Old ways, new barn
Structure raised quickly in Conway
The first roof truss goes up at a barn-raising at Natural Roots, a horse-powered vegetable farm in Conway. Based on an Amish design, dozens of volunteers worked all day to build a livestock barn. David Fisher and Anna Maclay own and run the farm.
Teamwork is crucial for a successful barn-raising.
Teamwork is crucial to a successful and efficient barn-raising.
Barn raising at Natural Roots, a horse-powered vegetable farm in Conway. Based on an Amish design, dozens of volunteers worked all day to build a livestock barn. David Fisher and Anna Maclay own and run the farm. Photo by Beth Reynolds
A potluck lunch kept everyone well fed at the barn raising at Natural Roots in Conway. Photo by Beth Reynolds
This way to the barn-raising. Photo by Beth Reynolds
While most workers were new to the process, some had years of experience — and it showed. Photo by Beth Reynolds
By sunset Saturday, the building was framed and ready for a roof and siding. Photo by Beth Reynolds
Volunteers head home after a long day of barn-raising. Photo by Beth Reynolds
CONWAY — The building of a local farm’s new barn brings new meaning to community-supported agriculture.
With a construction crew consisting of friends, neighbors, past and present farmhands, customers and a couple seasoned pros, scores of hands helped lighten the work as Natural Roots Farm raised its new barn with people power Saturday.
What started as a foundation and a floor that morning began to look like a barn by 11 a.m.
Once each heavy truss had been pushed and pulled into place with poles and ropes, workers climbed the frame and busily tied them in with purlins, as others below held the truss in place with ropes.
While most were volunteers, three of them have been doing it for years, and it showed.
Jake Miller’s large felt hat kept the bright midday sun out of his eyes as he effortlessly scaled a truss to its peak 32 feet from the ground. Above his long gray beard, he wore a smile just about as broad as the brim of his big black hat.
His partner, Raymond Hastetler, was easy to spot as well, his beard less gray but his hat just as black and his smile just as wide.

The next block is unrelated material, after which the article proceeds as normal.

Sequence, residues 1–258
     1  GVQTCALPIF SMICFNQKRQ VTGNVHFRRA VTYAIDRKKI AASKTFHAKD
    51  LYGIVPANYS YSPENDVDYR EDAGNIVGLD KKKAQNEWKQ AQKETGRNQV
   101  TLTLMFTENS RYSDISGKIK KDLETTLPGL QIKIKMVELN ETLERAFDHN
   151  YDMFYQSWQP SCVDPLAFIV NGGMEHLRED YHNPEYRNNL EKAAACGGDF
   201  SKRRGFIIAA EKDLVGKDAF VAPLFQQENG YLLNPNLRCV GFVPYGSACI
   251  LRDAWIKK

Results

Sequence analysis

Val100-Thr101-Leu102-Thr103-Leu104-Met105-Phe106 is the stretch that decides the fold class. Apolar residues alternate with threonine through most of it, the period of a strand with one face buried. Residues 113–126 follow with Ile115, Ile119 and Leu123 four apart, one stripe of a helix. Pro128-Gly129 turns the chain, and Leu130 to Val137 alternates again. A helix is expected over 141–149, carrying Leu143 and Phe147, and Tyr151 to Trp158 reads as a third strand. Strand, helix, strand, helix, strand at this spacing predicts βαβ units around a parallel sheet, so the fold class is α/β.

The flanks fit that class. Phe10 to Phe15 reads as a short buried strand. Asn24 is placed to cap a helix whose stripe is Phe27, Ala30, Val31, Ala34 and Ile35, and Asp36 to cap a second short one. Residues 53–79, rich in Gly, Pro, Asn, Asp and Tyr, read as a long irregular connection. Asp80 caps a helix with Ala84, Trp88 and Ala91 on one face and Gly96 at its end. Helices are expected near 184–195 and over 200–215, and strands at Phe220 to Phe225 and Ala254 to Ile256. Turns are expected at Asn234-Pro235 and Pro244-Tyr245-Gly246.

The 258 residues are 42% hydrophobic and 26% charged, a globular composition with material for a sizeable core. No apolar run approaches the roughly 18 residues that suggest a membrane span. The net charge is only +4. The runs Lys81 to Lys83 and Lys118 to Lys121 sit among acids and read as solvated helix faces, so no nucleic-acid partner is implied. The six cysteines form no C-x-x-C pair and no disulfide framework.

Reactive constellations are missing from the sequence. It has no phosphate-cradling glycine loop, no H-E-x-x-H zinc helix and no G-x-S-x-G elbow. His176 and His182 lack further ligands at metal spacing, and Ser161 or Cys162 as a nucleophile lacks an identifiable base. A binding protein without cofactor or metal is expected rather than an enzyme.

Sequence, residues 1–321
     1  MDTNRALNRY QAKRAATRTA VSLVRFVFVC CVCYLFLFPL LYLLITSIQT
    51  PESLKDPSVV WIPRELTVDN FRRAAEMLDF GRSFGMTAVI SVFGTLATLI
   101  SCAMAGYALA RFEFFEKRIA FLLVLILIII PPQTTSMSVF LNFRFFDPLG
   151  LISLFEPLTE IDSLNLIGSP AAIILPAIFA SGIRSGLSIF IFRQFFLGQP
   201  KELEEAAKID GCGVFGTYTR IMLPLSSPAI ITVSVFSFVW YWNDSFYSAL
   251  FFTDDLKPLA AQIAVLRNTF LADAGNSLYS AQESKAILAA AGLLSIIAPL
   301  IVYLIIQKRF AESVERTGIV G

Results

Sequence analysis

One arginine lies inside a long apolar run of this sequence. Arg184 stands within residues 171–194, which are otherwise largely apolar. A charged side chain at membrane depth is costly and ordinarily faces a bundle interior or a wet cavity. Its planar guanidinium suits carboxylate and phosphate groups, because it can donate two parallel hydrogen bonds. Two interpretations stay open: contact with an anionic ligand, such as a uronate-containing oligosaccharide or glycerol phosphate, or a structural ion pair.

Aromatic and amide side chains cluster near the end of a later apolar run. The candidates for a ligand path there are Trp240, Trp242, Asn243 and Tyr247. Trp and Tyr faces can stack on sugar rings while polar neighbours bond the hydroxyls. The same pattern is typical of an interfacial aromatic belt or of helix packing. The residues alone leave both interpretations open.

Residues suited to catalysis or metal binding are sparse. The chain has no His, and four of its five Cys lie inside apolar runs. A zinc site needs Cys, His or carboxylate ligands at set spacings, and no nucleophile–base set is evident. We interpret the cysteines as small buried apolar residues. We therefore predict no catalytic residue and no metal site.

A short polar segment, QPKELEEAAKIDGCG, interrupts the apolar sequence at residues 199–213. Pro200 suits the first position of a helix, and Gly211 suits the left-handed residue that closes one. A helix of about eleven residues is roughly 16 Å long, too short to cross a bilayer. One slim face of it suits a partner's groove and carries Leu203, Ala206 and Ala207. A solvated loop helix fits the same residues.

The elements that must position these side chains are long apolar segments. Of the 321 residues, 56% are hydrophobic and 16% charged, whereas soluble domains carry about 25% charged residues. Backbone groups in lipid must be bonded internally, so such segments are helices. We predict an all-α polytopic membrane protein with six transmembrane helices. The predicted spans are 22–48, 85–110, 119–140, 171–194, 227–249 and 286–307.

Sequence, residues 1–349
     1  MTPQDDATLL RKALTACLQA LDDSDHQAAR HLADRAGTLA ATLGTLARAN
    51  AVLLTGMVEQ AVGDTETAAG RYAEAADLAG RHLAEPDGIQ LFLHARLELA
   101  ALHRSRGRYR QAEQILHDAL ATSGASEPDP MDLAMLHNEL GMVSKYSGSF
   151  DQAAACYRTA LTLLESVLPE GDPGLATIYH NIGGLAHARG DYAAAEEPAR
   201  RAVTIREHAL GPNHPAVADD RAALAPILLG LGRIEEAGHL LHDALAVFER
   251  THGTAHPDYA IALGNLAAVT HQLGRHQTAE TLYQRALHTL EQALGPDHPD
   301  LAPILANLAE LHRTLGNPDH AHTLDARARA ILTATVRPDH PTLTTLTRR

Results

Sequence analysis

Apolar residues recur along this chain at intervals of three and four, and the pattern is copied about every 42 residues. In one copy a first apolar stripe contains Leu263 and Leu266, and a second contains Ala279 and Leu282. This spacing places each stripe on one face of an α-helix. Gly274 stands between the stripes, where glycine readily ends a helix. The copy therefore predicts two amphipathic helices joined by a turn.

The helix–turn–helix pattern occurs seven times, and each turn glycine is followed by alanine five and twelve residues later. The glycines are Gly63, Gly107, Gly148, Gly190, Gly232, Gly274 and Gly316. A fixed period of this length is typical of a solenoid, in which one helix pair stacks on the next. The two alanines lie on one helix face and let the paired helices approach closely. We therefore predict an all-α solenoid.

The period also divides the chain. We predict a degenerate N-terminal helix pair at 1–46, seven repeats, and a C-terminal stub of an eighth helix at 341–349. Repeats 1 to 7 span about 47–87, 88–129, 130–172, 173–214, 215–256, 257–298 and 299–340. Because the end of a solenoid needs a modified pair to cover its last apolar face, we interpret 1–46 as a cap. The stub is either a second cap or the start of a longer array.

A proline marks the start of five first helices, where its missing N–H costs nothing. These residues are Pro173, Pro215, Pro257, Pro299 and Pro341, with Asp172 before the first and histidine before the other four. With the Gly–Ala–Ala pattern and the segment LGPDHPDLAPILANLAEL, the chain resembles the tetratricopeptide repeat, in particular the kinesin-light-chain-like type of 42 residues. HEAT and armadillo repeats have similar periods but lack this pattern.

Looking at them, one wouldn’t guess they’d been up since the wee hours Saturday, leaving home in Marathon, N.Y., at 2:30 a.m. to arrive at Natural Roots Farm in time to have breakfast before raising the first timbers of the farm’s new barn.
Though Miller has had a hand in several barn raisings — 50 or so, he said — he usually does so without the convenience of the power saws and drills at his disposal Saturday.
Where he’s usually working, they wouldn’t do him much good — there’s no electricity. He and Hastetler hail from an Amish community in Marathon.
Miller said he found Natural Roots refreshing. The farm uses five draft horses rather than a team of tractors for their hauling, haying and plowing needs, among other low-impact practices, like cutting and milling all the lumber for the project on-site themselves.
The Amish builders came to Conway with Donn Hewes, who lives near their community and is a good friend of Natural Roots’ owners, David Fisher and his wife Anna Maclay.
“When Jake and the community moved near me, I saw them build 15 barns in three years,” said Hewes. Impressed by their work, he decided to learn more about old-fashioned barn-raising, and Miller and others were glad to teach.
Though Hewes had plenty of time to practice, those who showed up Saturday got a crash course. Though many of them are familiar with carpentry, most had never raised a barn by hand before.
When the Amish do it, they’re a well-oiled machine.
“With a barn like this, we’d probably have the roof on by noon,” he said. “We usually have 60 to 100 people working on it, and they’ve all done it before.”
By sunset Saturday, the building was framed and ready for a roof and siding.
Miller learned the trade as a child, working with his grandfather.
It was a family affair Saturday, as is tradition for an Amish barn raising. Spectators helped out, whether moving lumber or tugging the truss-ropes to lift the framing into place. Children milled about, playing in the snow and sawdust, watching the new barn go up before their eyes. The greenhouse turned into a buffet as those more skilled in the kitchen than construction kept everyone well-fed, and the conversation flowed as easily as the coffee and cider.
The cellar of the barn will house their draft horses, as well as some pigs that help with the compost. Currently, they have to keep their hay in huge piles, covered in tarps, and it makes for a lot of work, and some lost hay.
“When we keep it in haystacks, we have to move it so many times, by hand, and we always lose some to spoilage because it gets wet,” said Maclay. The new barn will have a horse-powered machine to pluck the hay right from the wagon and dump it inside.
Maclay said that will free them up to focus on their produce, since haying and harvest seasons coincide.
Fisher’s father, John Fisher, came out from Pleasantville, N.Y., to watch the barn go up.
He said his son took an interest in the environment at a young age, and started a recycling program at his school when he was 11. After graduation, he went to the National Outdoor Leadership School and took several internships on farms from Washington to Maine and back to New York, where he quickly gravitated toward draft horses.
He pays his farming education forward by offering internships at Natural Roots. He met Macay when she came to intern at Natural Roots, and they quickly hit it off.
Some of the other interns have gone on to start their own farms, and a few use horse power.
Fisher and Maclay’s children may end up taking over Natural Roots someday. Their daughter Leora, 10, is already learning and loving to drive horses, and Gabriel, 6, loves to play on the farm.